Prince.png

Edward William Fitzalan-Howard, 4th Prince of Quebec, 18th Duke of Norfolk KG GCB, ISO, DL (born 2 December 1956), styled Earl of Montreal between 1975 and 2002, is an American peer and government official. As Prince of Quebec, he is the Governor of that Province, acting as the monarch's representative. Additionally, he holds the hereditary office of Earl Marshal and, as Duke of Norfolk, is the most senior peer in the peerage of America and the defunct peerage of England. As a Duke, he retains a seat in the House of Lords. However, due to his duties in Quebec, he has rarely attended outside of required ceremonial functions as Earl Marshall and office through which he has several responsibilities.


As Prince, he has played a far more active role in the politics of the Province than his father did, though not by choice. As every Parliament elected since his ascension has been hung, he has hosted and chaired coalition talks in the Citadelle of Quebec as required under the Provincial Constitution. He has won praise from across the Quebec political spectrum for his efforts, with Left-Wing independence leader Yves-François Blanchet, who has called the Principality an insult to the Quebec people, declaring him "Perhaps the best Governer we could ask for, if only we could choose him!"

His moves to force his children into marriages with local Quebec women or members of the French nobility have proved controversial in certain circles as a return to a darker past. Though have received widespread support in Quebec as a sign of respect from the Prince and his family.














































Principality of Quebec

The Prince.png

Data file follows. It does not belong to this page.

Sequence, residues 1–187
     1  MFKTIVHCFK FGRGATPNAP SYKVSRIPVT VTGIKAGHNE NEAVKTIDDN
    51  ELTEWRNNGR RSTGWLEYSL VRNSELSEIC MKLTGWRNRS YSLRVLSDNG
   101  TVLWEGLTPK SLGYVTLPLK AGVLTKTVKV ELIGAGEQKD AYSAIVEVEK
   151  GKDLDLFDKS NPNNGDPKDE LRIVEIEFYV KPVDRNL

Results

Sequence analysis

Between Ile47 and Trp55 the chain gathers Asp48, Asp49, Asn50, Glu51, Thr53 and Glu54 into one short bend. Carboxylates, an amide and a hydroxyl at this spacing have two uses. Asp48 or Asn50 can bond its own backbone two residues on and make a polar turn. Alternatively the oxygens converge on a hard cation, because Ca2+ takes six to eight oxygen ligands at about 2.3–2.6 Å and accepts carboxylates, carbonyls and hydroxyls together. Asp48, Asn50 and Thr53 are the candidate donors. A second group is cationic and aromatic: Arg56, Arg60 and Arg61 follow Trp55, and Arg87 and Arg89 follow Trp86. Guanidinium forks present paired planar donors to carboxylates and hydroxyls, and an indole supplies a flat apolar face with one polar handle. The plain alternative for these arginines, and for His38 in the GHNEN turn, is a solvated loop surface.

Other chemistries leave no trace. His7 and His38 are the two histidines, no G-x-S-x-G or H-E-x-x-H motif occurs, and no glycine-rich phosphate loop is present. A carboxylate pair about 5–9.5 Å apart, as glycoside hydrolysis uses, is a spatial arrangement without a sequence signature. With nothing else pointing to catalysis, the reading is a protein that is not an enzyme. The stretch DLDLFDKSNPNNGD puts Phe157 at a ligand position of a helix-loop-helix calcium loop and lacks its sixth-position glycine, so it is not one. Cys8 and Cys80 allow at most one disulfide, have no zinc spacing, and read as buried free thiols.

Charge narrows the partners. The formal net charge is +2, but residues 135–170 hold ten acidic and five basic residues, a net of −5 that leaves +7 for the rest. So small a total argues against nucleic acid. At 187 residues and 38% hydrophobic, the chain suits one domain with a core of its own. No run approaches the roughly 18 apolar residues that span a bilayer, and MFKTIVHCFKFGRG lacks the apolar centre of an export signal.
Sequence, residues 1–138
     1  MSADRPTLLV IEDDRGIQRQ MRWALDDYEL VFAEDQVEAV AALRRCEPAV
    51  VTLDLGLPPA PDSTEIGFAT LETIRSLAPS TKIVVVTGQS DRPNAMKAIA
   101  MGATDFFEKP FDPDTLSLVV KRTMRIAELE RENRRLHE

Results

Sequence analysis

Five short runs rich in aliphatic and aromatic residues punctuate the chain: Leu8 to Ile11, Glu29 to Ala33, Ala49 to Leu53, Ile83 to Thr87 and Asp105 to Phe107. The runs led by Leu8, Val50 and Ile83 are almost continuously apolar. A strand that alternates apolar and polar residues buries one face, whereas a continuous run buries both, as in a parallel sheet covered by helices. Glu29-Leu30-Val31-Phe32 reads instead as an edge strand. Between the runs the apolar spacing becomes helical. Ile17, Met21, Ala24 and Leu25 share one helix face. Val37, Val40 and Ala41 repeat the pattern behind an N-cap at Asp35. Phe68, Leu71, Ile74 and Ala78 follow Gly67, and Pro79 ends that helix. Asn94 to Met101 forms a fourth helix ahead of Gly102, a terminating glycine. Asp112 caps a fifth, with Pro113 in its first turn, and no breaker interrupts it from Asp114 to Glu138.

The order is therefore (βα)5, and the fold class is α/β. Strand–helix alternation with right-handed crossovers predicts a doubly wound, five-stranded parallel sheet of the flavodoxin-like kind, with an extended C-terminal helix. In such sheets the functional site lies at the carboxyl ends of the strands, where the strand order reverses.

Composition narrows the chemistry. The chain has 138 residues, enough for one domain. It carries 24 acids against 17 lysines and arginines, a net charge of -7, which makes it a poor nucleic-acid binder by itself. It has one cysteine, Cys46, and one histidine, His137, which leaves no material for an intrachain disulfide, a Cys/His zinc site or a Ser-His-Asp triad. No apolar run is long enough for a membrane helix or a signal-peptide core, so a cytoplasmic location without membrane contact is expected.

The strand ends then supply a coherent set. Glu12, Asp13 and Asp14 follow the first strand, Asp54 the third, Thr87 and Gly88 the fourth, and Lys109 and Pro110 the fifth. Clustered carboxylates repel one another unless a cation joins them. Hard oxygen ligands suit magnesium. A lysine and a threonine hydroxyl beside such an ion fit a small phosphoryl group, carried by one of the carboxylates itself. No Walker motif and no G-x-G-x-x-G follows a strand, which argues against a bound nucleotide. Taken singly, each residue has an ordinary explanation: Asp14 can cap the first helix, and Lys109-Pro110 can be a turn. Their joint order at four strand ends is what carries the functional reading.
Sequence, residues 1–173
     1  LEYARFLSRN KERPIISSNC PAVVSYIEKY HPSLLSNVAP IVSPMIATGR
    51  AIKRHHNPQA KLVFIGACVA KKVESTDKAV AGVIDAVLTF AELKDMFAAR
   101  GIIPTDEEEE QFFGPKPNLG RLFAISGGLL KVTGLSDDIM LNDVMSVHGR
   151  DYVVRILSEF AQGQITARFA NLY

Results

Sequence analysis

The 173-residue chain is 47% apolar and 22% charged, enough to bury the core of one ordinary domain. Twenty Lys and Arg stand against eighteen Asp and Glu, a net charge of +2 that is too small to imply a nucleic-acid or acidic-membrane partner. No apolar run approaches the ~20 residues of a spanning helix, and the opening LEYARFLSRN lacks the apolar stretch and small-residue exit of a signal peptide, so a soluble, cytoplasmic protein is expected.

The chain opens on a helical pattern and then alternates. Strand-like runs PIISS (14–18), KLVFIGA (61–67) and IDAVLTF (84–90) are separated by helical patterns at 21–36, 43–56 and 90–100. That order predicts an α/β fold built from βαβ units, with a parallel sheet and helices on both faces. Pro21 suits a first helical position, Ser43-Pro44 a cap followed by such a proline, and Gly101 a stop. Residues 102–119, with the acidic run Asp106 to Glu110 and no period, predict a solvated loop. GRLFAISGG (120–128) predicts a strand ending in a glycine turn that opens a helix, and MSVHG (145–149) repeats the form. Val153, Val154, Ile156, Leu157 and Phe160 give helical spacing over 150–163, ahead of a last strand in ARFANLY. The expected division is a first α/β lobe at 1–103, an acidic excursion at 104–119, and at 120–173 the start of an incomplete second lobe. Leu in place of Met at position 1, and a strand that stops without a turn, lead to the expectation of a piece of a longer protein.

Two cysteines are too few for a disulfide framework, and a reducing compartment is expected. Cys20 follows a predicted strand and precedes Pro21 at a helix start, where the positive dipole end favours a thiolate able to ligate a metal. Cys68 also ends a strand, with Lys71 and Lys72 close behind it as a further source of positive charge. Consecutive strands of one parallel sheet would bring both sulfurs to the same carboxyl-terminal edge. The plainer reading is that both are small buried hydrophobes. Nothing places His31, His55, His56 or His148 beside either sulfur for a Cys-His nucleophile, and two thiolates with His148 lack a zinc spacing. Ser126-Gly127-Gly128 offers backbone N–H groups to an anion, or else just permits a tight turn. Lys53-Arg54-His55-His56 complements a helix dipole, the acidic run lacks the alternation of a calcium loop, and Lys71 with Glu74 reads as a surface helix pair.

The Dukes of Norfolk had long retained their Catholicism when the rest of the English peerage had adopted Anglicanism after the reformation. While this had proved to be a permanent block in their efforts to ascend to higher political office e, it would greatly benefit the family after the end of the First Civil War. While Charles Howard, 11th Duke of Norfolk, had intended to renounce his Catholicism u on a political career, instability at home had caused him to delay the move. When he and his father elected to back the King, his subsequent exile and inheritance of his Dukedom further delayed it. By the time he decided to act and abandon his faith, the King had a position in mind for the man that required a Catholic, Governor of Quebec. Hoping the move would placate the Quebecers, King George III tasked the Duke to act as "Warden and Guard over that wretched place" and to ensure that any signs of treason were dealt with swiftly; Charles Howard would be the first in a long line of Norfolk Dukes to watch over the Province, with the posting becoming all but hereditary as a solution to the Catholic issue. A brief attempt to place an Anglican as Governor caused a series of riots that were only ended by the appearance of a young Henry Fitzalan-Howard, the 15th Duke, who had been viewed as too young to act as Governor after inheriting the Dukedom at twelve—further convincing the central government of the need for the system.